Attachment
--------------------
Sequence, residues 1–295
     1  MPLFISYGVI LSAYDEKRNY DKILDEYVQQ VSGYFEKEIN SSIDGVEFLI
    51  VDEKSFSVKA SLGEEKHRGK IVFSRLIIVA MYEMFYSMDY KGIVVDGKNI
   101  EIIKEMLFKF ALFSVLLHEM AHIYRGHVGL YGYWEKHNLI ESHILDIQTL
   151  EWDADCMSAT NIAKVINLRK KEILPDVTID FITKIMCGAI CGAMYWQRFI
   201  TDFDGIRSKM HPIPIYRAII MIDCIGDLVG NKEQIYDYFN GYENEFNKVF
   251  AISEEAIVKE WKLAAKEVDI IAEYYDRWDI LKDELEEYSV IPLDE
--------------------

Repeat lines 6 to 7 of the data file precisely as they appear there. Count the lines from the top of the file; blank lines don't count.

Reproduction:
   201  TDFDGIRSKM HPIPIYRAII MIDCIGDLVG NKEQIYDYFN GYENEFNKVF
   251  AISEEAIVKE WKLAAKEVDI IAEYYDRWDI LKDELEEYSV IPLDE